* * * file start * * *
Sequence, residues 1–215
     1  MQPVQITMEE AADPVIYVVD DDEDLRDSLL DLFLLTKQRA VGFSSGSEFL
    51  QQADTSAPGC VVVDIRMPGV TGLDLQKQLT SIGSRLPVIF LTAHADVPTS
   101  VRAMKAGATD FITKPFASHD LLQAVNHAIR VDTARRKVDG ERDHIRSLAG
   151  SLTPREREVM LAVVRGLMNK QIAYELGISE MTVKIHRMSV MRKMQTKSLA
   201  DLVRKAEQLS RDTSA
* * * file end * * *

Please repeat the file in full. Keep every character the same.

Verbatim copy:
Sequence, residues 1–215
     1  MQPVQITMEE AADPVIYVVD DDEDLRDSLL DLFLLTKQRA VGFSSGSEFL
    51  QQADTSAPGC VVVDIRMPGV TGLDLQKQLT SIGSRLPVIF LTAHADVPTS
   101  VRAMKAGATD FITKPFASHD LLQAVNHAIR VDTARRKVDG ERDHIRSLAG
   151  SLTPREREVM LAVVRGLMNK QIAYELGISE MTVKIHRMSV MRKMQTKSLA
   201  DLVRKAEQLS RDTSA